Sure, that title may be a bit tough to remember, but jot it down because if you don't already own this book, you should track it down as soon as humanly possible. I bought this 100 pager from the back issue bins as a kid (circa 1980) and read it to pieces. I eventually had to buy a second copy. Why is this one so great? For, starters it features reprint of the Monk storyline from Detective Comics #31 and #32. It also reprints the first Atom story from Showcase #34, for those of you who don't have a few hundred dollars to spare. My favourite story in this issue? Truth be told, it's the Stretch Skinner origin story from the Wildcat entry - one of the most charming Golden Age tales I've ever read. Reed Crandall fans should not that this issue not only has a Crandall/Cudeira Blackhawk story, but also a Crandall drawn Doll Man story. There's also a very early (1942) Wonder Woman story, and a superb Dick Sprang drawn story from 1950 in which a new Batmobile is introduced. This book is a treasure trove for fans of classic comics. Did I mention the awesome Nick Cardy cover? It's a wraparound (with the remaining characters on the back). Perhaps someone can correct me if I'm wrong - but I believe the original version of this cover had Wonder Woman on the cover, but DC made a last minute change and went with Wildcat. I just love this book!

Friday, February 19, 2010

Hidden Gems: Wally Wood's T.H.U.N.D.E.R Agents #4

I had always been aware of the existence at this mid-80s take on the Tower Comics heroes, but I never really put any effort into tracking down any issues, as I assumed it would simply suffer by comparison to the original. How wrong I was! I picked up issue #4 from a dollar bin, captivate by the terrific George Perez cover. It reads like a true Tower Comics homage, with a variety of stories by a impressive collection of writer and artists. For starters, I had no clue that Ditko contributed to this series. He's a good fit for NoMan. Dann Thomas' take on Raven was a change in gears from the 60s, but I liked it - and as much as I love Manny Stallman, I must admit that Perez and Adkins make a pretty nice team. The most pleasant surprise for me was the Bierbaum's Lightning story, drawn with a nice abstract vibe by Keith Giffen. Superb stuff all around. I look forward to stumbling upon the rest of the series.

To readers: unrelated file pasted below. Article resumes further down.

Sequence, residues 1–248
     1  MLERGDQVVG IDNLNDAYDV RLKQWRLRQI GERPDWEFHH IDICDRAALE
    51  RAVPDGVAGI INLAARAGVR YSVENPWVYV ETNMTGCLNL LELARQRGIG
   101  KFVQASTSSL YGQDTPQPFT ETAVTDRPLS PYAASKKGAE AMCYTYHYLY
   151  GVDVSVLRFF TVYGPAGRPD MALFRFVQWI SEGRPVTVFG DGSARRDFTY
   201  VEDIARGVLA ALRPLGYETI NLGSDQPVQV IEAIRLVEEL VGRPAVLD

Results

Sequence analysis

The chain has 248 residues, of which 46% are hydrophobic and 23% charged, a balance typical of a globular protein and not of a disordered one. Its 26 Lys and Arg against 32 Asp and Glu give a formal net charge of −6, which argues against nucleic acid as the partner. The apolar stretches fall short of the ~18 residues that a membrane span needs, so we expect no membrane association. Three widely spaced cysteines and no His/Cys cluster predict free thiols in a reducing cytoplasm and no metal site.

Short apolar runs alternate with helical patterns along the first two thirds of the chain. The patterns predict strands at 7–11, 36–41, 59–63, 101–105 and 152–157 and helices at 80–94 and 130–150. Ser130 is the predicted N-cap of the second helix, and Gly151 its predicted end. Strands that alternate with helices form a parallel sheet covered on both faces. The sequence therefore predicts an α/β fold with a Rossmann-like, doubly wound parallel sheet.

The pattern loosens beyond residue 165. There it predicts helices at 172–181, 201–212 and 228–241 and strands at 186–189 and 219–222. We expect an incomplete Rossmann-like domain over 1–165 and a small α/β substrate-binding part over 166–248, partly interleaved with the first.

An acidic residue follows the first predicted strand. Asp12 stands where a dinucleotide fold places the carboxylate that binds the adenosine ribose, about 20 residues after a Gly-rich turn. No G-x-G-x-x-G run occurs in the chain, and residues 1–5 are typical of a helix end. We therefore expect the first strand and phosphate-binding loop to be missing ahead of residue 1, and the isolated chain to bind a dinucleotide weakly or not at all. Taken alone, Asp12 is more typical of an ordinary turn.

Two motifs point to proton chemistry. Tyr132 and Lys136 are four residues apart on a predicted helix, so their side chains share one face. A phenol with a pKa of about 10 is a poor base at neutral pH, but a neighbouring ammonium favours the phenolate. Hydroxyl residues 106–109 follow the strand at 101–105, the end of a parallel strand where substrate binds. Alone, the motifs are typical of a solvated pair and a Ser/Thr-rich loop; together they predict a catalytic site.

Wednesday, February 17, 2010

Sphinx Covers Pt. 2

Here's another batch of Sphinx themed covers:

Let's start off with this rather dynamic cover to Action Comics #240 (May, 1958) . I love the fact that this Sphinx shoots krytonite lasers out of his eyes. The real downside to eradicating kryptonite from the Earth is eliminating stories such as this from Superman's repertoire. The real riddle here is how exactly did this Sphinx get Superman's face? Did Curt Swan travel back in time with chisel in hand? I assume this story was in the first Showcase Presents volume, but I don't remember it at all. I should track down my copy.